I know that in the past Terry, your partner, had been more private and didn't want to be photographed or filmed but now he's been involved in the specials and the It Gets Better campaign. Is that something you decided as a couple or he decided it was time to do?

He decided it was time. I explained the idea to Terry, and he said, "You know, you should totally do that, make that video. And I said, "I want you to do it, too. I want you to be in it with me." I expected he would argue with me. But he immediately said yes; he's always been very moved by this issue because he was really brutalized in the way we've heard these kids who've killed themselves were. He was viciously, viciously bullied all through high school. I'm amazed sometimes that he survived it, frankly. And it probably contributed to why he was such a private person. You know, he didn't put himself out there. His willingness to be on TV and talk about this...I don't have a gun to the back of his head. He wants to do this.

One of the things that we didn't film, because we didn't think of it at the time, but the high school where Terry was very brutally bullied, and where when his parents went to the administration, the principals blamed Terry and said he needed to stop 'acting that way'. In the wake of the It Gets Better book, he was invited back to that school to give a talk. Going back to that school was very hard for Terry, but then for him to find out the school had a GSA and it was the biggest club in the school, was really great. After he gave the talk, the principal came up and apoligized to him on behalf of the school and the administration for how the school failed him.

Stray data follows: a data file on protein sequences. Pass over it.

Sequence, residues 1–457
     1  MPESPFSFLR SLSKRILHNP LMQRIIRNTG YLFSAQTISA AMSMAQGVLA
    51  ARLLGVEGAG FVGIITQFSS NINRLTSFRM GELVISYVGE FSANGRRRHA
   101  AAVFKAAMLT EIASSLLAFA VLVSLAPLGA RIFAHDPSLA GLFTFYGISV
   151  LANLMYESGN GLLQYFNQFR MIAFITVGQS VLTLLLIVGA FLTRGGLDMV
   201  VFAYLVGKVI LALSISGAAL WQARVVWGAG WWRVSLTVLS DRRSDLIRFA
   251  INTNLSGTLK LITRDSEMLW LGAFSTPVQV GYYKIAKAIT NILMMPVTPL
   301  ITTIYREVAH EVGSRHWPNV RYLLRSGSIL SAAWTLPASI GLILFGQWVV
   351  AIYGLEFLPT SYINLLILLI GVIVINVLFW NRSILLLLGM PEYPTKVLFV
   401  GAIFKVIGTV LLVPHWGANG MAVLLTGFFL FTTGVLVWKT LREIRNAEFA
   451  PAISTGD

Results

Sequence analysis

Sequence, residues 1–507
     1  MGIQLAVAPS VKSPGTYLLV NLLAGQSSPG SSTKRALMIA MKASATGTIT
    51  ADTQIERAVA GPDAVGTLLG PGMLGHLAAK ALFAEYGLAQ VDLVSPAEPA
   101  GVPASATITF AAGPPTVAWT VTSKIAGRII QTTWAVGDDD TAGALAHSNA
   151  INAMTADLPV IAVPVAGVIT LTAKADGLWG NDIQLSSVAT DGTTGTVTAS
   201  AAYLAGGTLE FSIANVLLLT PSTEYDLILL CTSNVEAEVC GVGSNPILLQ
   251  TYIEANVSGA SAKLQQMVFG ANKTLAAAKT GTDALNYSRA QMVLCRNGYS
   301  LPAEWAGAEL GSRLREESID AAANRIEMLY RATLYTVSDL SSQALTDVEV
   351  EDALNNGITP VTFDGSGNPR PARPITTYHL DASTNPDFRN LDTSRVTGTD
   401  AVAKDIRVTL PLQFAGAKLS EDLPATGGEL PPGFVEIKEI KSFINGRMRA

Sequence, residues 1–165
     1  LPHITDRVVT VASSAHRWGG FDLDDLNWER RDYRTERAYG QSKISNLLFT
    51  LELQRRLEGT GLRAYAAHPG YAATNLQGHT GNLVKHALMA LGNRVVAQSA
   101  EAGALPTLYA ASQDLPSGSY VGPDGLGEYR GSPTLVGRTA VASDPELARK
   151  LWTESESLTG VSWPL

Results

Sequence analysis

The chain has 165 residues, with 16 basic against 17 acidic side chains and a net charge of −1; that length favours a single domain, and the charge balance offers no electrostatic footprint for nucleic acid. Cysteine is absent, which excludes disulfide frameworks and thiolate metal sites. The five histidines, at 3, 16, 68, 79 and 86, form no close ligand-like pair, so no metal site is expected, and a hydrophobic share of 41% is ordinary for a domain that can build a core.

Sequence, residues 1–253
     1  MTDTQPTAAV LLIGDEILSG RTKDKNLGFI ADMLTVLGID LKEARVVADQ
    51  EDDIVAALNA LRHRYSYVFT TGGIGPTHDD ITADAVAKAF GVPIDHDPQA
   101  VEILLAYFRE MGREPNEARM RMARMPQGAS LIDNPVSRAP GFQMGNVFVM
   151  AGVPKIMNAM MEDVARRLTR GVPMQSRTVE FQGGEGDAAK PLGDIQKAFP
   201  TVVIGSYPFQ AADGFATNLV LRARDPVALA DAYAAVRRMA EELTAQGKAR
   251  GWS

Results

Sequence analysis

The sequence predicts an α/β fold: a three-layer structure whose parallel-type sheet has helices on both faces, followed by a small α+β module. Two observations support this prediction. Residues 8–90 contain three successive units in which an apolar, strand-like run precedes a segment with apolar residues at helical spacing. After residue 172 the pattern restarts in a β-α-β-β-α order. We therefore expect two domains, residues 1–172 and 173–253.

So there was a political debate last night, what do you think about what happened?

I think the president's strategy worked really well if he what he wanted to do was make sure that Democrats were in a white-hot panic. All I know is I don't know any complacent Democrats today. Maybe he did it to shake us all up out of our complacent stupor; that we're over-confident in thinking he'll get re-elected. Holy fuck, what the hell was that? Romney looked like someone who wanted to be president and Obama looked like someone who didn't want that job anymore.

Have you been surprised by how the Republican party's anti-gay and anti-marriage equality messagi hasn't seemed to get people revved up in the same way it has in the past? Or do you disagree with that?